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Andrea Gordon

She was a rainbows and unicorns girl,
predictable passions at appropriate ages.
Shy smile and just-above-average grades.

Yearly visits by the book, or, in this case,
computer screen prompts.
Milestones noted, talk about diet,
ceremonial exam, note straightness of spine.
All on track, along the mapped out course,
 until an extra visit at thirteen.
Mom had called: “She’s changed. I’m worried.”
Is she just becoming a normal teen?

Fewer friends, no eye contact, seems upset but won’t discuss.
I ask but get a bland denial, “I’m fine, now can we go?” Rolled eyes.

Grades dropping, angry outbursts, mom and I now fear the worst.
Dragged in to another visit, she stares at her skull ring, refuses to talk.
Drugs? Depression? Abuse? She haunts me
so I haunt voicemail until she’s brought back.

Finally, finally, when I ask what is different
She blurts, “Me. I think I like girls.” Voice is tight.
Trying not to show my relief at all the problems it’s not,
I stay open-ended, ask feelings and thoughts.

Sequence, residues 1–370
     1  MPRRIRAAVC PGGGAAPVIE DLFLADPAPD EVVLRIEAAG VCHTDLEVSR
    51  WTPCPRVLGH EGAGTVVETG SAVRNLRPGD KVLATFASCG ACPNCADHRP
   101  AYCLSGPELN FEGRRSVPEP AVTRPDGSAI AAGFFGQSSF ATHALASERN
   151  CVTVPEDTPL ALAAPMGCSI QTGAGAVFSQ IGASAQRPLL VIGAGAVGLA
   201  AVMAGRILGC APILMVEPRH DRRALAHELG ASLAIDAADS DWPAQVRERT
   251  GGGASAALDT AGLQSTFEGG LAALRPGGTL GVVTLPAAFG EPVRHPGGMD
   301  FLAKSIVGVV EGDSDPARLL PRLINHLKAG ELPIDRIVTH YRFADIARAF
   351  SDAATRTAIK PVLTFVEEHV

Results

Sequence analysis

But I want to say “Oh, Honey, thank goodness that’s all,”
so glad she’s not scarred by addiction or rape.
It’s a long way to go until she might know it,
But her job now is acceptance, not repair or detox.

My perspective is skewed, my beliefs might not be hers,
but I hope she finds love without judgment
brings magic back into her world.

About the poet:

Andrea Gordon is on the faculty of the Tufts Family Medicine Residency Program at Cambridge Health Alliance in Malden, Massachusetts. “I began writing poetry in high school, but stopped due to the demands of medical school. Then, in my medical residency, I began to use writing to help process life and work. There is less time for writing now, but when I do write, it helps me to synthesize my experiences and to honor what has been shared with me.”

About the poem:

“The young woman in the poem is a conglomerate of teens I have seen throughout the years. You know that there is something going on, and you fear the worst–but whatever is actually going on feels like ‘the worst’ for him or her. So I need to balance my level of concern with the patient’s level of distress–and hope that I can normalize issues like being gay to make it easier. One girl in particular is doing well and still keeps in touch with me from the West Coast, two years after she moved there, so I consider her a success story.”

Poetry editors:

Johanna Shapiro and Judy Schaefer